Twitter is following Facebook into the automated customer service game.
The social network only rolled out new welcome message and dropdown response features for advertisers that are reminiscent of Facebook’s recent branded bots push.
The former allows brands to add an introductory message to any direct-message conversation that will set the terms of the customer service exchange before a user makes the first move.
The latter feature, called “quick answers, ” supplements those messages by giving clients a cookie-cutter list of possible responses when interacting with a business.
Working in conjunction, the tools are designed to cut down on response wait times and devote clients a better idea of the service alternatives at their disposal.
Twitter claims that customers who receive a prompt received in response to a Twitter message are anywhere between 3 and 20 percent more likely to shop at a devoted brand.
Nearly a dozen brands will inaugurate the twin features on Tuesday, including Airbnb, Pizza Hut and Spotify.
“I’m really excited about this new functionality that Twitter is releasing, ” said Tim Lopez, head of global social media customer care for Symantec’s Norton anti-virus software. “These new features will allow us to streamline some common tasks that we have, such as collecting customer info, while still being able to focus on creating a personal experience for our customers.”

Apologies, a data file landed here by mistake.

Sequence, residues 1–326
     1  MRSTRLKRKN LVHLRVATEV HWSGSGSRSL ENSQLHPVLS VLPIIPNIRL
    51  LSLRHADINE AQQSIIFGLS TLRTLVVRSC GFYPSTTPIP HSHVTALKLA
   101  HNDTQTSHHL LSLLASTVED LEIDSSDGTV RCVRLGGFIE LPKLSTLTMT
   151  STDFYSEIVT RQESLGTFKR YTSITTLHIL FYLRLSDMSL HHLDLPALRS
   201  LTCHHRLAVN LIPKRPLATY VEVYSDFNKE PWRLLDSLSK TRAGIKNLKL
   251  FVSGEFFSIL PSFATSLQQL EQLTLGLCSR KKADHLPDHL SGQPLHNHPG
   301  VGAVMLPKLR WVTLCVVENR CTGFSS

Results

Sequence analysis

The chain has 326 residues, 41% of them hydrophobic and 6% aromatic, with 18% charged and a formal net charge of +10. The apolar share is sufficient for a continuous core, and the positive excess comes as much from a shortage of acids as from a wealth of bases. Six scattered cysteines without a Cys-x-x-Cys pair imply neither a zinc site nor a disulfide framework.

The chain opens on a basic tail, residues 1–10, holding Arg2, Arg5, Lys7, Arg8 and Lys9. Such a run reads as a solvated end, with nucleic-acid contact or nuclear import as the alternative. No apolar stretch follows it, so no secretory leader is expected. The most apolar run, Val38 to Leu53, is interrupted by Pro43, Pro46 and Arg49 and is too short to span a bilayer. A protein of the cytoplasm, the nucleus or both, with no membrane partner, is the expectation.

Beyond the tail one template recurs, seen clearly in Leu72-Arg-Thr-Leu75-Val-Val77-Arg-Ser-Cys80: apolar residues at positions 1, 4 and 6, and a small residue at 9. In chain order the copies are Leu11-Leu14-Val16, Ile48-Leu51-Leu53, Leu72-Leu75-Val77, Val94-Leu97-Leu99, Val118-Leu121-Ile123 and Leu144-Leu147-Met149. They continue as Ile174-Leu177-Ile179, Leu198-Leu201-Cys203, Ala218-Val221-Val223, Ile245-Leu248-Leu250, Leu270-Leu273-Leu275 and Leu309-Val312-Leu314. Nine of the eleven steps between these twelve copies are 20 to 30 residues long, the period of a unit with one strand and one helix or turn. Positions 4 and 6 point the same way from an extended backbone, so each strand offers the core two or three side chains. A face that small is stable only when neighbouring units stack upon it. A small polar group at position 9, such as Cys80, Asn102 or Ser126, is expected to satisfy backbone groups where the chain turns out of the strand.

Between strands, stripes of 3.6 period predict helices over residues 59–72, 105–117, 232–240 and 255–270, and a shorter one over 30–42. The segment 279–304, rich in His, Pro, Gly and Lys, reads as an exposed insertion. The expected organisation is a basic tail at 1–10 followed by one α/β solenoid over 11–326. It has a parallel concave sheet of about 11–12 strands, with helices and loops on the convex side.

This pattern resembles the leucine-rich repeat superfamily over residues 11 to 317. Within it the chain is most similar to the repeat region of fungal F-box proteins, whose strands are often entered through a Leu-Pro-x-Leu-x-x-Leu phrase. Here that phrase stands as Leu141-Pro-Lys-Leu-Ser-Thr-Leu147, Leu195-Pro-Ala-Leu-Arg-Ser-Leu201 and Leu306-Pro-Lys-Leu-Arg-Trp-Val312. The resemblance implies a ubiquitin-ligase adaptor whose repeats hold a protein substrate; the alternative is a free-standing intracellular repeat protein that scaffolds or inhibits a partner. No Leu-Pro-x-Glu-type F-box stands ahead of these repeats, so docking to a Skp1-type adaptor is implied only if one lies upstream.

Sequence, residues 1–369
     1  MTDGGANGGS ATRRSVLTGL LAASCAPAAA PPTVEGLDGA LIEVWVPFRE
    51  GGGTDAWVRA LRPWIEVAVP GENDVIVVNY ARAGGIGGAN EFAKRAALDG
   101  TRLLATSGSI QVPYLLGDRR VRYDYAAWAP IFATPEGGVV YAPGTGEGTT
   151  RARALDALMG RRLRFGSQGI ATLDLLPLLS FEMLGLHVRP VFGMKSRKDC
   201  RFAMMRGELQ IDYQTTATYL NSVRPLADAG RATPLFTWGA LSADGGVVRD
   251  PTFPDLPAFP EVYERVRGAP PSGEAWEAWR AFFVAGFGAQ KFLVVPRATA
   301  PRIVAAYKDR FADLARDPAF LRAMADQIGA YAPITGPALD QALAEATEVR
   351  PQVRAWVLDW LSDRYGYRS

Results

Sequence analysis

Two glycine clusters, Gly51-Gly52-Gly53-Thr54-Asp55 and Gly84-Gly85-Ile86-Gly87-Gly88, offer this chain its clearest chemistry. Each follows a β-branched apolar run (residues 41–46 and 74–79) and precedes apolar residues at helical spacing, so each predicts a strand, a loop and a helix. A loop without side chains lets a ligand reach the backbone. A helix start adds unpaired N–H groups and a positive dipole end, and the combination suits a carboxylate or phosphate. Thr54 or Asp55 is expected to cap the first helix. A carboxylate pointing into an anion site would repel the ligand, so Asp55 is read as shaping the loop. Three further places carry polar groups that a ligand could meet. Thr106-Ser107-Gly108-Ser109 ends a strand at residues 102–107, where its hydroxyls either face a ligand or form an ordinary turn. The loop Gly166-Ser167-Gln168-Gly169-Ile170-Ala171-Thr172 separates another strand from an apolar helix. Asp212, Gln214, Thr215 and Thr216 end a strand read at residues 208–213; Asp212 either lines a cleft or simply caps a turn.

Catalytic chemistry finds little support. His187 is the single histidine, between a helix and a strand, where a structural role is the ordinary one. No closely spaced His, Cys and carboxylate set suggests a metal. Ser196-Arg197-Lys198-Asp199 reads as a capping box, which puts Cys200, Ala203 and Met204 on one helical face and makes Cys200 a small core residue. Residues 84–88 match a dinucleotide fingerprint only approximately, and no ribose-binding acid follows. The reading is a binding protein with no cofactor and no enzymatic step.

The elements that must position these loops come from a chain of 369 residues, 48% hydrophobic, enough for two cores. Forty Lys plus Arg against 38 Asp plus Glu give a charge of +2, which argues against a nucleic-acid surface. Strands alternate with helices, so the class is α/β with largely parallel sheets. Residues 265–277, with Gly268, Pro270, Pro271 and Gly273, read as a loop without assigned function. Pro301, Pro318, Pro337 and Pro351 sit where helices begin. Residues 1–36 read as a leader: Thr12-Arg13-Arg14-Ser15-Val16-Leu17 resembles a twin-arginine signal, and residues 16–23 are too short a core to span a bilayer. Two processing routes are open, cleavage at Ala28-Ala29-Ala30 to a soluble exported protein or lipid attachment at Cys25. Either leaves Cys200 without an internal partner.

Brands are an obvious and inescapable presence on any social media channel, but Twitter is perhaps where they’re at their most personable
It’s there they most often go to goofily weigh in on events of the day, individually respond to glowing or scathing the examinations and maintain the kind of highly visible personality that’s not quite possible on any other platform.
It makes sense then that Twitter has packaged this aspect of its services as one of its selling points to investors and advertisers alike bolstering it with a series of moves designed to make retailers more approachable for customer service issues.
The most recent addition to Twitter’s customer service suite follows the rollout of ads with built-in answers and possibilities for advertisers to add hours of service availability and more prominently promote direct messages.